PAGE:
Monday, March 04, 2019

Heroes Are Gang Leaders - The Amiri Baraka Sessions (Flat Langston's Arkeyes, 2019)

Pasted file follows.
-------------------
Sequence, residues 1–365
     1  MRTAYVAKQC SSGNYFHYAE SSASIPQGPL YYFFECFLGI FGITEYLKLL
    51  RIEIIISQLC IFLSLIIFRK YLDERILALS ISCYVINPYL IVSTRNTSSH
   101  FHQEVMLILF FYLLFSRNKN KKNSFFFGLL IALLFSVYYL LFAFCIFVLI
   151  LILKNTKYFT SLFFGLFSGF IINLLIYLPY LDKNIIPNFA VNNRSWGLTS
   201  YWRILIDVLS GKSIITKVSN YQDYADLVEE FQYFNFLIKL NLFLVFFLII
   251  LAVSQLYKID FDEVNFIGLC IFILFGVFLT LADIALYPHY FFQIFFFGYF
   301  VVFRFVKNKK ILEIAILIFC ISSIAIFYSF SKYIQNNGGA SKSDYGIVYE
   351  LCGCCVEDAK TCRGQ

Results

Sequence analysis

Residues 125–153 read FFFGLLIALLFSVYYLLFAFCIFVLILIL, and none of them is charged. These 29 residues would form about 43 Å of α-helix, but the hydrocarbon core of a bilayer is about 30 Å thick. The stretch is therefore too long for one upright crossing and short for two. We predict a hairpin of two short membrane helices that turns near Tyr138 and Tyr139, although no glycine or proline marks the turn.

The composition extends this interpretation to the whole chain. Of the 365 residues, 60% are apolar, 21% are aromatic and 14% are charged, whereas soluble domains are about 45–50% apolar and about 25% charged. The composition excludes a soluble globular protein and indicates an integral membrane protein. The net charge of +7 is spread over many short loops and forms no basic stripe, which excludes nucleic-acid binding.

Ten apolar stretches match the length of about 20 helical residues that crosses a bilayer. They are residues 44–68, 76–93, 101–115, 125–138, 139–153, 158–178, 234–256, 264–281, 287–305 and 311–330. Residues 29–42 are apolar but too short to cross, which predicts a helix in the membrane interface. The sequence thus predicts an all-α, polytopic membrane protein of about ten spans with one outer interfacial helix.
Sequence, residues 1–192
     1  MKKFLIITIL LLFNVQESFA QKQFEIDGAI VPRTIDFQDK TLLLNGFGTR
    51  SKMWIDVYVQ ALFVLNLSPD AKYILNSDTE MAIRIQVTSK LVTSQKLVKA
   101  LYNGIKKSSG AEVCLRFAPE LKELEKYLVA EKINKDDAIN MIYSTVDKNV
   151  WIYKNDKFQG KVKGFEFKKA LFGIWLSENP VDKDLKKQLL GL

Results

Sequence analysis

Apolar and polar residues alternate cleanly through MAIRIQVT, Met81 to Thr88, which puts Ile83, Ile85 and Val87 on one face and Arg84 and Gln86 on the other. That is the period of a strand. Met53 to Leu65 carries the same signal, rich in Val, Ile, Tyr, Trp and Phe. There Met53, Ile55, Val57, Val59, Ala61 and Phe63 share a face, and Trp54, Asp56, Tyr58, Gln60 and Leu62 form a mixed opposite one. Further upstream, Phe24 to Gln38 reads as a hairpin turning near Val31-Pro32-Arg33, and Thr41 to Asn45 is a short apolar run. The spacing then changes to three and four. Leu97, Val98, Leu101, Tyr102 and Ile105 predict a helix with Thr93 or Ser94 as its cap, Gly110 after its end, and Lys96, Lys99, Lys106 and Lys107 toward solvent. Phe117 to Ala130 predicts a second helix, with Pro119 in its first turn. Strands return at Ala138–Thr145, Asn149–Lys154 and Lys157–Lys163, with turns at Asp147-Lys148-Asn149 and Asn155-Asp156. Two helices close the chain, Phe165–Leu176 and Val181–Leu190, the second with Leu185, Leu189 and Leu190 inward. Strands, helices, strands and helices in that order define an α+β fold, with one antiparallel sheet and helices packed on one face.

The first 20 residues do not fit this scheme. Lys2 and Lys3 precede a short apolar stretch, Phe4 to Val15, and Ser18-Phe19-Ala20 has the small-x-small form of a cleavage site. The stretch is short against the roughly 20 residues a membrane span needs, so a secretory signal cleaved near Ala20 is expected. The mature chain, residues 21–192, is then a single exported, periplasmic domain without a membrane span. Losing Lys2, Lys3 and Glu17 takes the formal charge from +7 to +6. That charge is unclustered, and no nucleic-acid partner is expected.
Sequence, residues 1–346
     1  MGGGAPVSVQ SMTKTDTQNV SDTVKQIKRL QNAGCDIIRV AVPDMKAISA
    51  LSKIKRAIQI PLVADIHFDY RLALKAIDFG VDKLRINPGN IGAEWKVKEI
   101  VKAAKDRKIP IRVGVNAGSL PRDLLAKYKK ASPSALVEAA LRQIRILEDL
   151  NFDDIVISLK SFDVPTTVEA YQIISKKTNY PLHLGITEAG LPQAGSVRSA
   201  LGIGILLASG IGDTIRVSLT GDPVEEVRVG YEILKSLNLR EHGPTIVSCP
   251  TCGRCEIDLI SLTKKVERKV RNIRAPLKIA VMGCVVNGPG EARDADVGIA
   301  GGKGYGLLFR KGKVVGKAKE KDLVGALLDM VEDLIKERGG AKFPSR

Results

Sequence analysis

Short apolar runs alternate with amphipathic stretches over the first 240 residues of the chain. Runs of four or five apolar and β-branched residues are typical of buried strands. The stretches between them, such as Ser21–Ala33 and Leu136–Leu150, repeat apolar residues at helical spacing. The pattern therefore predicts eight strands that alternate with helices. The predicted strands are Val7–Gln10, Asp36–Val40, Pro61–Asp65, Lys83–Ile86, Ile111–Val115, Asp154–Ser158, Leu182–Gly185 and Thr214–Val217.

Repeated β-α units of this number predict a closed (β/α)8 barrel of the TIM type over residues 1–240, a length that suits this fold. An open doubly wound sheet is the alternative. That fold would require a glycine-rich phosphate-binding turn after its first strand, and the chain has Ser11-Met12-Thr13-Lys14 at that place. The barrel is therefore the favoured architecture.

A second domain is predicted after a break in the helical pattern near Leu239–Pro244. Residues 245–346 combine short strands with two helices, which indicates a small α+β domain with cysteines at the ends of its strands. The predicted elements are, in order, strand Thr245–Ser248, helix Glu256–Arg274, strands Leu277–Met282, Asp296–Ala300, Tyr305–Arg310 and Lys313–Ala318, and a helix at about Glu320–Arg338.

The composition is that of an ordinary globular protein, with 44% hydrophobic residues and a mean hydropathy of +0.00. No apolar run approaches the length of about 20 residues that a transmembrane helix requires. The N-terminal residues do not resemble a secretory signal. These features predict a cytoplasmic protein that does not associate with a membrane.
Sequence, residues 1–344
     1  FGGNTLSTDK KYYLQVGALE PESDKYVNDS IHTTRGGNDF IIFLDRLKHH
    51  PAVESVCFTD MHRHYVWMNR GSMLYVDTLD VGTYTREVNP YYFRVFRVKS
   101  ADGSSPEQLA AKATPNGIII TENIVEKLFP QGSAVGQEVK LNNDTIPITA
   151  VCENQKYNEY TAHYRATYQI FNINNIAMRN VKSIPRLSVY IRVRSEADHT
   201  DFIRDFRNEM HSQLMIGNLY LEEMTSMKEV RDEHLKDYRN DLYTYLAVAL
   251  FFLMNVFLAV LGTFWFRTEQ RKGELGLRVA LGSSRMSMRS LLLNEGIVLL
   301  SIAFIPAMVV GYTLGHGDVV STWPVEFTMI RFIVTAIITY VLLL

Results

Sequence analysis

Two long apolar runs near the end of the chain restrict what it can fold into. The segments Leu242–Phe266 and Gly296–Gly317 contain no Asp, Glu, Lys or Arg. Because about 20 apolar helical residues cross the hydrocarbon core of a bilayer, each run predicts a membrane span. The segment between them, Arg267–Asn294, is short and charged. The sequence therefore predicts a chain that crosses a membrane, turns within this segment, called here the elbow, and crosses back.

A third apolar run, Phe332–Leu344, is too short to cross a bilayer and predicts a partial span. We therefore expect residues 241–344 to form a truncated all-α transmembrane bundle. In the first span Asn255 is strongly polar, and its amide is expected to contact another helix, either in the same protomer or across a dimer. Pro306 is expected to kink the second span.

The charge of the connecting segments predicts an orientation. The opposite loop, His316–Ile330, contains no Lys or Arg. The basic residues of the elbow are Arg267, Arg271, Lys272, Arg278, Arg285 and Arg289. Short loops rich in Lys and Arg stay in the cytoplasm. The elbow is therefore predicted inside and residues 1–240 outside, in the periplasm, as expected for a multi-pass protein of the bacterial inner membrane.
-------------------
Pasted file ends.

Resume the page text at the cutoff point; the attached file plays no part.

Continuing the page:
Heroes Are Gang Leaders was co-founded by poet Thomas Sayers Ellis and saxophonist James Brandon Lewis and they are joined by a wide range of instrumentalists, singers, readers and rappers to pay tribute to the legendary poet and activist Amiri Baraka. The vocalists interpret that work into new ways to challenge and explore the material as much as their musical counterparts improvise accompaniment. "Superstar" opens with female vocals shifting to spoken a word riff between two men about  basketball as the female vocalist chants, interjecting names of ESPN programs, and the instruments play in the background. Basketball is used as a vehicle for social commentary, and the female vocalist rhymes impressively with the words and the instruments well integrated into each other. The long performance shifts to singing about the nature of stardom and the effects it has on people, framed by fine saxophone and piano. "Land Back" features solo trumpet, then bass and drums with male and female singers and strong saxophone. Confident female spoken word about the racist treatment of African Americans in the United States, the flow of words and their stinging meaning is very impressive. The performance stretches out with instrumental interludes, scatting vocals with improvising jazz band, mocking the stand your ground ideal that killed Treyvon Martin, as male vocals asked if African Americans were better off as outsiders, a provocative question in a country where black men are routinely gunned down by the police. "Amina 2" is an excellent solo saxophone interlude, short but eloquent improvisation of raw beauty, reaching for the dark places and shining the light of music into them, it's a wonderful piece. "Leautoroiograghy" develops stark piano and female vocals, with the extraordinary refrain "if capitalism don't kill me, racism will." Adding more singers, male and female but coming back to this theme, of the dissolution of race relations, leading into "Forensic Report" an interlude for jazz band with supple trumpet and drums, building fast and loose as a male voice deconstructs the words. "The Tender Arrival of Outsane Midget Booker (Ts Who Kill Drums Runnin' da Voodoo Down)" has soulful vocals and electric bass, asking if hope as an illusion, crisp drum accompaniment, gospel feeling, full band blasting in driving the music forward and then acting as framing mechanism for the vocalists, storming hip hop rhymes as singers repeat phrases in the background, the whole formation of the performance is very deeply affecting. Album finishes with a wonderful solo saxophone performance, "Anima 3" where Lewis really bares his soul, allowing for a brief free improvisation that reaches into the territory of David S. Ware or Archie Shepp at their most inspired. It is a fine way to end a fascinating experimental album that was very successful in melding poetry and song to first rate modern jazz improvisation. The Amiri Baraka Sessions -

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